It seems to me that there are only two reasons why someone would make their own homemade powdered laundry detergent. The most important, to me, is to reduce the use of chemicals and synthetic fragrances in my home. The second is to save money. And this recipe does both while doing a great job of cleaning as well.
Why Soap Free?
I’ve used other recipes for homemade laundry detergent, like the one in my post DIY Tallow Soap for Laundry. Here’s the thing. While that recipe does a nice job of cleaning clothes, I found that any recipe with soap as an ingredient tends to leave a build-up on our clothes over time. I’m not saying that I’m done with that recipe, just that I’m taking a break from it.
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Why Borax Free?
This recipe for powdered detergent is also borax free. I’ve read tons of articles about borax. They are all over the internet, with some saying they are completely safe, and others siting the potential for grave health problems.
The Environmental Working Group gives borax an “F” because of high concern for developmental and reproductive toxicity. So, I’m thinking there’s no need to use it when there are alternatives.
When I started noticing that my homemade laundry detergent wasn’t working as well as it was when I first started making it, I switched to a store-bought brand, Molly’s Suds, which has an “A” rating at EWG. But at $.19 per load, it’s not as economical as I’d like.
The ingredients in Molly’s are pretty straight forward; this homemade recipe is practically identical, and easy to make. Best of all, my homemade version is costing me only about $.06 per load. It’s also non-sudsy which makes it safe for HE washing machines.
Tips for Cleaner Laundry
Sort your laundry into whites, darks, and delicates.
Add the laundry powder to your washing machine first, and allow it to dissolve. Then add your dirty laundry. Don’t overfill with clothes or they won’t have to room to agitate and get clean.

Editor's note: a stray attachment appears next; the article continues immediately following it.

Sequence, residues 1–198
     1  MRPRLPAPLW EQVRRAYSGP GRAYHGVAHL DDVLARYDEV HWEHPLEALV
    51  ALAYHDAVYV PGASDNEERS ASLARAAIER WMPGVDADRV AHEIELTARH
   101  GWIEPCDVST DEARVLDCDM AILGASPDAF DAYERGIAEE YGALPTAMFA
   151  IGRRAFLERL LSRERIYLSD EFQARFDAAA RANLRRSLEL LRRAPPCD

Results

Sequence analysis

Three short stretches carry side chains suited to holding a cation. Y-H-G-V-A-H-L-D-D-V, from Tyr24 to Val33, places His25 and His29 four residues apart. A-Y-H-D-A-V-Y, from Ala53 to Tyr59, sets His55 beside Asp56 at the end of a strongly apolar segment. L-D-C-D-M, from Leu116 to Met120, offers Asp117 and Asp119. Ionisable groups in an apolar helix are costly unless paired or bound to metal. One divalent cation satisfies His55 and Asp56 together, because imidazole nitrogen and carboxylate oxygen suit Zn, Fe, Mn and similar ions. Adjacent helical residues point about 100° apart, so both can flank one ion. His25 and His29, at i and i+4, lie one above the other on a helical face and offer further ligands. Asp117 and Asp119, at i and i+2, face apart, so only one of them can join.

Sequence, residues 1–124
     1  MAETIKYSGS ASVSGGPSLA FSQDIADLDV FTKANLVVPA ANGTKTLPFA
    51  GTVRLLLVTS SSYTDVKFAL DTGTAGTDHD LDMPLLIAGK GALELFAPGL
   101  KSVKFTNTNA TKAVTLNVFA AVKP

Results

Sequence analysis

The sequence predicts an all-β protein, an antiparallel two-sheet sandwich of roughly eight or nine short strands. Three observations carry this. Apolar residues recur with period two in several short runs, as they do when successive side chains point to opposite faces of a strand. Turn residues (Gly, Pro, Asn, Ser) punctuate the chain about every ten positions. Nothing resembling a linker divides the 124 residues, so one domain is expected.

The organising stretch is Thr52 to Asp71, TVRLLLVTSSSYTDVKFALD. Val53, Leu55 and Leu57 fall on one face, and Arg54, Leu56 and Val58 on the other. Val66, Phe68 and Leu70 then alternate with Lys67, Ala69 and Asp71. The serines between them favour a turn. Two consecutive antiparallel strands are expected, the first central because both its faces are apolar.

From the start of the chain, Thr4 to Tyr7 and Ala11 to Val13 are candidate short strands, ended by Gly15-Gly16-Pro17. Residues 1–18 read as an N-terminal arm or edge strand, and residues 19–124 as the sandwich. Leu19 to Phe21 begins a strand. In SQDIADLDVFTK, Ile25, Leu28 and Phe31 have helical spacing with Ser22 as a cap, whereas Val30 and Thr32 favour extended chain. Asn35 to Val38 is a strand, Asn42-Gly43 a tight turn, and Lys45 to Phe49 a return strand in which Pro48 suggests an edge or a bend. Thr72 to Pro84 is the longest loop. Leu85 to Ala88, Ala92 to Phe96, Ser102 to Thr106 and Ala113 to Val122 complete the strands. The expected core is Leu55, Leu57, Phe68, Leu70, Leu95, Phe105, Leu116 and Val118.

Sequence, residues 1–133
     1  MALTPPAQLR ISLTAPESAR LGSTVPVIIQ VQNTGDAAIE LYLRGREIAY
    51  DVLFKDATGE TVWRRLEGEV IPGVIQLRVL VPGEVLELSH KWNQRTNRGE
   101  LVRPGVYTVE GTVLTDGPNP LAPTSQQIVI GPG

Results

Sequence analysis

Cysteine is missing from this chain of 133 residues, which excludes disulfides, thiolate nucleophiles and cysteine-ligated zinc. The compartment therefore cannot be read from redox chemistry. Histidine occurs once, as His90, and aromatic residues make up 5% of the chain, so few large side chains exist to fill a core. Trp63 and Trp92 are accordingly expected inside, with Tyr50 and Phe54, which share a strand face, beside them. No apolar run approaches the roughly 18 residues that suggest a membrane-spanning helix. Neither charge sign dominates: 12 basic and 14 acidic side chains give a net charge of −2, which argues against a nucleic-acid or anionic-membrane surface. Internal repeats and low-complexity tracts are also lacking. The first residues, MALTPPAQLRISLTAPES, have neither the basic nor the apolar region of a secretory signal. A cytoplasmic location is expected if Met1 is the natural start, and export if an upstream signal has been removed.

Add 1/2 cup of distilled white vinegar to your wash if you have hard water. It will also help to remove odors.
Water temperature matters. Unless the label specifies cold water, wash in warm water for better cleaning results. Use hot water for cleaner whites, or if someone in the house has been ill.
Homemade Powdered Laundry Detergent Ingredients
Washing soda’s high alkalinity helps to cut grease, soften water, and disinfect surfaces.
Arm and Hammer Washing Soda, and sodium carbonate get an “A” rating at EWG.
I found that my local grocery store is the least expensive place to purchase washing soda.
Also known as baking soda, sodium bicarbonate removes odors, boosts detergent performance and softens fabric.
Baking soda, as you’ve probably guessed, gets an “A” rating at EWG.
Again, buying a generic brand at the grocery store is the most economical way to purchase.
Also known as Epsom salt, magnesium sulfate is a wetting agent and acts as a fabric softener. It also hardens water, so add 1/2 cup of distilled white vinegar to each load of laundry if that is a problem in your area.
Epsom salt also gets an “A” at EWG.
You can purchase epsom salt here at a decent price, or get it a local grocery store or pharmacy.
Salt acts as fabric softener, prevents fading, and helps to remove certain stains.
Sea salt is not listed at EWG, but you know it gets an “A”.
Redmond Sea Salt is what I keep on hand for cooking, so that’s what I use here.
Essential Oils are optional in the homemade powdered laundry detergent, but do add a nice scent to the laundry without using potentially harmful fragrances. I especially love the fresh scent of lemon.
You can purchase good quality essential oils here.
More Laundry Posts You’ll Love
DIY Tallow Soap for Laundry from Learning And Yearning
5 Natural Dryer Sheet Alternatives from All Natural Mothering
Homemade Powdered Laundry Detergent
- Mix all ingredients together and store in a sealed glass jar.
- Use 1 tablespoon per load. Add another tablespoon if clothes are particularly dirty. Add the laundry powder to your washing machine first, and allow it to dissolve in the water before adding clothing.
- Add 1/2 cup of distilled white vinegar to your wash for odor control, or if your water is very hard.
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